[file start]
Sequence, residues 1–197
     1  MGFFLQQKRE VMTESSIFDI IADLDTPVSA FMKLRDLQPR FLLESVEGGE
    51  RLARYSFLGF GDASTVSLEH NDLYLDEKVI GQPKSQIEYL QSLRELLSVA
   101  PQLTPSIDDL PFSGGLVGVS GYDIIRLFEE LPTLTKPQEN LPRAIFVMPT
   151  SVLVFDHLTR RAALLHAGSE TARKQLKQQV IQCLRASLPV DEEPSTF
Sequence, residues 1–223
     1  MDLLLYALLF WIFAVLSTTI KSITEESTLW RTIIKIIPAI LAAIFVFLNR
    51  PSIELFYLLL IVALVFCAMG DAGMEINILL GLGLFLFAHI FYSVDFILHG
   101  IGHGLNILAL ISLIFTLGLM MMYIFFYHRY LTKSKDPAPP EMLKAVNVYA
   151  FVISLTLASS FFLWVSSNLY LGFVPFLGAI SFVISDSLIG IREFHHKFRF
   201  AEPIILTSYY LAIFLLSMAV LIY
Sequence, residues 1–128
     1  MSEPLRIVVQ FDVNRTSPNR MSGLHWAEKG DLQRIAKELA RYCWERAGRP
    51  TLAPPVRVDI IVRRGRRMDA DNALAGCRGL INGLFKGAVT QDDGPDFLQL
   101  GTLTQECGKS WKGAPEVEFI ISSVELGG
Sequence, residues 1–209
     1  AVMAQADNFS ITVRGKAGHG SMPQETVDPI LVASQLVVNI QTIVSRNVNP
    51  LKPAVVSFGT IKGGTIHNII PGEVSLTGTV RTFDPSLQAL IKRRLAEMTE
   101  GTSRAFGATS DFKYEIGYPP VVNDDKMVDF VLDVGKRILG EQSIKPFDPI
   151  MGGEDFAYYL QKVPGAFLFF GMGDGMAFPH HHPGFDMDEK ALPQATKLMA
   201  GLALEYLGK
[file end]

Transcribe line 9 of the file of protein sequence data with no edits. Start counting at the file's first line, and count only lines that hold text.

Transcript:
   101  IGHGLNILAL ISLIFTLGLM MMYIFFYHRY LTKSKDPAPP EMLKAVNVYA